Updated from 3:48 p.m. EDT

Wall Street caught an Asian strain of IPO fever Friday after Beijing buzz magnet Baidu.com ( BIDU) priced 4 million initial shares above the expected range.

The stock, which benefited greatly from its small float, opened at $66 just before noon and went as high as $151.21 on its first day. At the close, Baidu.com settled at $122.54 -- up $95.54 from its initial pricing. Trading volume was more than five times the number of shares available.

"Its giving me bubble flashbacks," says Randy Diamond, sales trader at Miller Tabak. "It makes me feel especially uncomfortable now that the market is acting toppy."

The American depositary shares were sold by underwriters for $27 apiece late Thursday, above the high end of its once-raised price talk of $25. About 3.2 million of the shares were sold by the company, which will use the money for tech development and general purposes.

Friday's debut was the best for any initial public offering since late 1999.

Baidu, a search engine that is occasionally billed as the Chinese Google ( GOOG), raised $109 million in the deal, which was led by Goldman Sachs, CSFB and Piper Jaffray. The IPO price valued Baidu at around $870 million.

As the Chinese counterpart to Google (which owns 2.6% of the stock), Baidu.com is being compared to one of the hottest Wall Street IPOs of the last half-decade. Its revenue is only a fraction of Google's, but it has shown impressive growth in recent years, posting $4.5 million in operating cash flow in 2004 after breaking even the previous year.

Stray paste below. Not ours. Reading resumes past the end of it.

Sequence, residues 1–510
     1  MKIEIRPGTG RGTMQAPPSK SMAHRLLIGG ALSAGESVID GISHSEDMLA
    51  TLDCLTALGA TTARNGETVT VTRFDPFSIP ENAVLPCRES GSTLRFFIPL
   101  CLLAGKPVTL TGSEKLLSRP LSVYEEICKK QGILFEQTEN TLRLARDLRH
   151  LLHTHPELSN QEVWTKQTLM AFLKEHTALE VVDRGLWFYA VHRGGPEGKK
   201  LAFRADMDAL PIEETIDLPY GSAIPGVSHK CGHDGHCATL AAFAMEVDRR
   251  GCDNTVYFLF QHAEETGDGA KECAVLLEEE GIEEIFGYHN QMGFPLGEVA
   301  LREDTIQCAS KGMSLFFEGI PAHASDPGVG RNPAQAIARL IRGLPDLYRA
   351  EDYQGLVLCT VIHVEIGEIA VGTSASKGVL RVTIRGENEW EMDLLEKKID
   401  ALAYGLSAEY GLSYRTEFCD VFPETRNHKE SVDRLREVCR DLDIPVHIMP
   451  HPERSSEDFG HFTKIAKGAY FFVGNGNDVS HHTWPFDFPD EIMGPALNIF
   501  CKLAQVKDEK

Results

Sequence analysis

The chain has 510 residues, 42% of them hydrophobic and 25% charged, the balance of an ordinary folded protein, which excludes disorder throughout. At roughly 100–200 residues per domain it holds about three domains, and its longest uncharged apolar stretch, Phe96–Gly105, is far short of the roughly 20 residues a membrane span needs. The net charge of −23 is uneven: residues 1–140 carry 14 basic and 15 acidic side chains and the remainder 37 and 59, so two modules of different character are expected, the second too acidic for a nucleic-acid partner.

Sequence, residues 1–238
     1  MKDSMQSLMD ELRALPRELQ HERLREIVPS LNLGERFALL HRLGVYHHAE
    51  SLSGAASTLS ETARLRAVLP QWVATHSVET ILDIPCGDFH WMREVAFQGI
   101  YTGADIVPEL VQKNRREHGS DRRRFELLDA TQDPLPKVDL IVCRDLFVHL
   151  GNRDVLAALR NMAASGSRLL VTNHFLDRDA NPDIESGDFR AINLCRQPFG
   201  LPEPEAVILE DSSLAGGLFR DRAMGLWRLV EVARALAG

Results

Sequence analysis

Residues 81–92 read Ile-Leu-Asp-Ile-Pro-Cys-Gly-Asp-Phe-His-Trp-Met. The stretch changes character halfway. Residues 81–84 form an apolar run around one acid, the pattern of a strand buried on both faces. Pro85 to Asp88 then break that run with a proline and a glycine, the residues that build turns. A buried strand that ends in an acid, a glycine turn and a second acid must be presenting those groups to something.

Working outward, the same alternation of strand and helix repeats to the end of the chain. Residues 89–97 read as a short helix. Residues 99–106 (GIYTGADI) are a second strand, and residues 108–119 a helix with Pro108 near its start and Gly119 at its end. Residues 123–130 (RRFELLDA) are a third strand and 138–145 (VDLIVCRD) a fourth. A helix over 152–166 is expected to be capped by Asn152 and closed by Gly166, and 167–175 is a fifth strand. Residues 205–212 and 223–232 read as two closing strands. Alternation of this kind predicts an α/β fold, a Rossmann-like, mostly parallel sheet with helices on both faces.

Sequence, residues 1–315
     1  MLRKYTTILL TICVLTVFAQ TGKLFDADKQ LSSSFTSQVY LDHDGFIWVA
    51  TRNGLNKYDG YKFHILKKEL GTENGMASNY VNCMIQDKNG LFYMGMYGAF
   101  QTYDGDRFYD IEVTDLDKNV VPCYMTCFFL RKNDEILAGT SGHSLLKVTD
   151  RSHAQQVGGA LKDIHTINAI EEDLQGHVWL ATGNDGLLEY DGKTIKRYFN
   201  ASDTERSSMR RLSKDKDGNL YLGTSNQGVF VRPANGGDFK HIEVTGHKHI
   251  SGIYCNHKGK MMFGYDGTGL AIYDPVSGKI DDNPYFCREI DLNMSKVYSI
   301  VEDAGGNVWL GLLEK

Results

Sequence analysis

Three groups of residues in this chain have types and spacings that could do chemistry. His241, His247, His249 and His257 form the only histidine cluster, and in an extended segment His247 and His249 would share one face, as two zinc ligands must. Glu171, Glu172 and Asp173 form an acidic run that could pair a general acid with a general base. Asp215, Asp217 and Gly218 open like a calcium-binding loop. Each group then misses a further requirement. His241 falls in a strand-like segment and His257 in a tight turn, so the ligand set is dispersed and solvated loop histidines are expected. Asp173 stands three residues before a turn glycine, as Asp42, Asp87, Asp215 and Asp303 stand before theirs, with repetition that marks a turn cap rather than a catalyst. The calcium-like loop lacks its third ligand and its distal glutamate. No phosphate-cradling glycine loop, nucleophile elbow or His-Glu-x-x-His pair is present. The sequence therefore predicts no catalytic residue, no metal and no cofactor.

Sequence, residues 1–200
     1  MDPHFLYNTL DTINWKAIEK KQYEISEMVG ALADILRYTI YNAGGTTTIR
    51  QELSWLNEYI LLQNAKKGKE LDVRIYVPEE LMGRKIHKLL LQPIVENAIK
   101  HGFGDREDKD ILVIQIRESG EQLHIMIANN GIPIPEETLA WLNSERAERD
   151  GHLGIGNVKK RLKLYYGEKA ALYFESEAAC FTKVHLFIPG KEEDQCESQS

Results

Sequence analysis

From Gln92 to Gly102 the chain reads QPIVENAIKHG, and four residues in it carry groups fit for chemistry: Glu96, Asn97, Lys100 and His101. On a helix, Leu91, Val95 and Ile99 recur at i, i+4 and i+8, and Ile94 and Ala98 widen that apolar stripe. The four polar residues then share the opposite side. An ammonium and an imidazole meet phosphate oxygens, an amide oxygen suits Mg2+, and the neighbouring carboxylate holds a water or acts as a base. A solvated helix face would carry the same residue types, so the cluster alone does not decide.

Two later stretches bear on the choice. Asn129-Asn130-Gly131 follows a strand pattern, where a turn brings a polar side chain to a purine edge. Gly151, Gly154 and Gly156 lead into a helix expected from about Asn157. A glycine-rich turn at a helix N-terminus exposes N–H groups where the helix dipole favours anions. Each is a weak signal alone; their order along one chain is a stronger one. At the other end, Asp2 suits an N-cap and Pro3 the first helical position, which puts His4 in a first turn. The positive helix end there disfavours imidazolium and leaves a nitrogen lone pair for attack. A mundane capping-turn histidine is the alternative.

Still, the company's overall market cap (not including the after-market pop) was about 193 times the operating cash flow figure.

Baidu made its Wall Street entrance at a time when Chinese companies have become a lightning rod in U.S. financial markets and political circles. The Chinese government's recent revaluation of its currency followed a couple of attempts by Chinese companies to acquire U.S. assets, including the controversial bid for Unocal ( UCL).

Meanwhile, the fast-growing Chinese economy has long been viewed as a new frontier for U.S. multinational corporations looking to find emerging markets, such as Wal-Mart ( WMT) and Starbucks ( SBUX).

With about 20 Chinese companies having listed on the Nasdaq since 2000, only about three Chinese IPOs have taken place in 2005, including Hurray ( HRAY), China Techfaith ( CNTF) and Focus Media ( FMCN).

Other Chinese companies with popular stocks trading on the Nasdaq include Sina.com ( SINA) and Sohu.com ( SOHU).

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